Please Note: This Article is 2 years old. This increases the likelihood that some or all of it's content is now outdated.

Tenants who contract the coronavirus or who are forced to self-isolate and therefore cannot work should not have to pay their rent, say leading campaign groups.

Landlords are facing increasing pressure from poverty campaigners and tenants’ groups to offer vulnerable renters who are unable to work after contracting the Coronavirus to be given rent payment holidays.

National tenants’ union Acorn has gone the furthest, calling for landlords to also halt evictions while the pandemic sweeps through the UK, while a leading Scottish tenants’ union has said that tenants should be given rent holidays if landlords are allowed to suspend mortgage payments.

Lettings platform Apropos has called on landlords with mortgages to contact their lenders as soon as possible to negotiate payment holidays “which many of the banks have already agreed for individual borrowers so this may be available for landlords,” says its MD David Alexander.

Several leading lenders have already announced financial support packages for their borrowers including the Halifax, which is offering to temporarily abolish fees for customers who miss their mortgage payments, and mortgage holidays.

Three months holidays

Richard Murphy, a leading poverty campaigner and tax accountant, has called for tenants who contract the virus or who choose to self-isolate to be given a three-month rent holiday.

“I would suggest that the grant of that extension should be automatic to anyone who does not make a due payment of rent on the required date during the period of the epidemic,” he has said in a blog.

“They should be automatically granted this extension by the landlord without having to make any further application or to complete any additional paperwork.”

The debate about rent holidays is also raging on Twitter. One tweeter, a Northern Ireland lecturer calling herself Elaine Crory, tweeted: “I’m just throwing this out there as a 40 year old renter who supports a family of four on one income; if mortgages can be suspended during Coronavirus, but landlords continue to collect rent (thereby *making money* from this), I WILL RIOT.” Her comment has been ‘liked’ by over 68,600 people so far and retweeted nearly 10,000 times.

Please Note: This Article is 2 years old. This increases the likelihood that some or all of it's content is now outdated.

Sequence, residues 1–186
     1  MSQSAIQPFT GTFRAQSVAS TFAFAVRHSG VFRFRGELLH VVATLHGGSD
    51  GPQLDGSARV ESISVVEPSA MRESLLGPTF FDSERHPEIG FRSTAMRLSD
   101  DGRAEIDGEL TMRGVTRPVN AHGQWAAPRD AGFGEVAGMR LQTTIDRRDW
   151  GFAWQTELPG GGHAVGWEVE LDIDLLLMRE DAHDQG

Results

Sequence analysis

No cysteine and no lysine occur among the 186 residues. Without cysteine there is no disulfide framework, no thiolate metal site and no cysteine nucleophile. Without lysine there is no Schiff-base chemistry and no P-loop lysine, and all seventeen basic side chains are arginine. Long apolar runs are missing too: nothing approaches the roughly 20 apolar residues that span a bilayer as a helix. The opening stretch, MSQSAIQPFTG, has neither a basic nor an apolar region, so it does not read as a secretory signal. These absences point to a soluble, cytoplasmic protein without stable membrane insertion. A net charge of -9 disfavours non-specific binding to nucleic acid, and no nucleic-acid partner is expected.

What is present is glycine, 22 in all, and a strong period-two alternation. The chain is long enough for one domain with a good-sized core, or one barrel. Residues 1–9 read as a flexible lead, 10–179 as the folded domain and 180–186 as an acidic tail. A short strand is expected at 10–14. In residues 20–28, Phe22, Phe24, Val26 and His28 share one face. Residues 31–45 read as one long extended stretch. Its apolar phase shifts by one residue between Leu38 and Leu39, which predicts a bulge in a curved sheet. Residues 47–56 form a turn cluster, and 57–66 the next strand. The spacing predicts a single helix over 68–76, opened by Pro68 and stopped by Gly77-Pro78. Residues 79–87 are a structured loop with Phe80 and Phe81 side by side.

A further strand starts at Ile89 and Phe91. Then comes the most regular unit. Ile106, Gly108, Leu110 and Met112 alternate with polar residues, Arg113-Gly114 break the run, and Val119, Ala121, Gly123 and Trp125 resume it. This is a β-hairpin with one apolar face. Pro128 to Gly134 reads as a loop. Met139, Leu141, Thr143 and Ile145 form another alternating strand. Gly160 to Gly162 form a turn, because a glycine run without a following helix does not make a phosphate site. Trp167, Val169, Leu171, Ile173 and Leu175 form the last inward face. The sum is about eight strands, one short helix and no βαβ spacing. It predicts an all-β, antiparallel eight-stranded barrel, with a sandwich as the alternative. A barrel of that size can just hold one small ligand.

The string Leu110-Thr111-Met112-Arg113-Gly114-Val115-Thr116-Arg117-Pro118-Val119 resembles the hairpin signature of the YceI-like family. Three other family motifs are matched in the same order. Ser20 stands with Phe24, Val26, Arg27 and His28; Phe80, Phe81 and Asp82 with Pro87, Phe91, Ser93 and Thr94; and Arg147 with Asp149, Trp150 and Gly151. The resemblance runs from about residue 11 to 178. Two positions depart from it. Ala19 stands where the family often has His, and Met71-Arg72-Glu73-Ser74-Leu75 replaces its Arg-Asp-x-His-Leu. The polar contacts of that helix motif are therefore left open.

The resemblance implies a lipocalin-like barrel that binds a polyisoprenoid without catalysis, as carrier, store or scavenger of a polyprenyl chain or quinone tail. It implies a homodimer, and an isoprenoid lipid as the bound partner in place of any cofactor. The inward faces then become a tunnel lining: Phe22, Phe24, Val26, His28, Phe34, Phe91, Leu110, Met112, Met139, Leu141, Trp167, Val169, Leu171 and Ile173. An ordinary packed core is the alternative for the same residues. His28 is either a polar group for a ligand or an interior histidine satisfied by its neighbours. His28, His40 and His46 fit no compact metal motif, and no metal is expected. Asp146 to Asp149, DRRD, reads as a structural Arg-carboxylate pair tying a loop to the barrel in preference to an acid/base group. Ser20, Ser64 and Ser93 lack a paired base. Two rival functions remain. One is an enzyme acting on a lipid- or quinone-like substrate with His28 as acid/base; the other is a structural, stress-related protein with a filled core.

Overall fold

1. It’s up to the Government to bail renters out , ridiculous sweeping comments by landlord bashers.
    The proposal would ruin me- I rent a home out which is mortgage free and is my only income (unpaid carer for my dad) .
    Very few landlords are rich! It’s a myth.
    If the government pay the tenants rent it prevents pushing the problem further down the line and reduces administration costs.

  2. I’m the same as you Chris Jones. My rental income is my only income. If I gave tenants rent ‘holidays’ I would not be able to pay the bills and would be ruined.

    Why does the government think landlords have a financial contingency plan that big enough to cover tenants’ lack of a plan? Why doe the government think landlords should play the part of banks and give tenants interest free loans?

    Bonkers – pure bonkers!

  3. Corona virus or not, the government has forced us landlords to take full responsibility for homelessness – and to assume natiinwide responsibility for social housing needs.

    In addition to abolishment of no fault evictions, abolishment of mortgages in tax allowances and very limited deposits, they are now proposing No discrimination of DSS recipients, which leaves us with often undesireable layabouts – and even no discrimination against pets.

    All of this proves they have placed landlords as the leaning posts that Councils themselves used to be. We are no longer in free enterprise to run our businesses and to maximize profits. We are pawns for the Councils and providers of homes to the needy whether this was our intention or not .

    The onus to provide permanent homes for everyone and reduce homelessness is now entirely on our shoulders. Renting out privately is no longer a private concern – Councils sold off their many council houses, which they did not wish to maintain, took the money and savings from maintining them – and gradually shifted all responsibility on to us, taxed us to the limits and imposed all their dictatorial regulations.

    I, like many, will be cashing in and bolting at tge first opportunity – or risk being stuck with no hoper tenants who drink, smoke and take the micky rendering their six weeks deposit useless.

  4. I am extremely concerned at this suggestion that renters choosing to self isolate or have the virus should be given 3 months rent holiday. Myself and my husband live in France and have enforced self isolation, we let a single holiday accommodation and have had all our bookings cancelled due to restricted travel/virus, our only other income is our UK rental property. Let’s be realistic, it should be the government bailing people out in this desperate situation, we are not a large bank or mortgage lender. We have a small income on which we live and pay our own bills.

  5. I am renting a home out as a favour to my brothers friend. I now live with a friend as I couldn’t afford the mortgage when my girlfriend moved out. I need to sell the house but it is in negative equity and I lost my job in November and the government wont help me as I was classed as self employed. It is an interest only mortgage which costs more than I am receiving in rent, there is no tenancy agreement. The renter has informed me that he wont be paying “due to the coronavirus”. What can I do?


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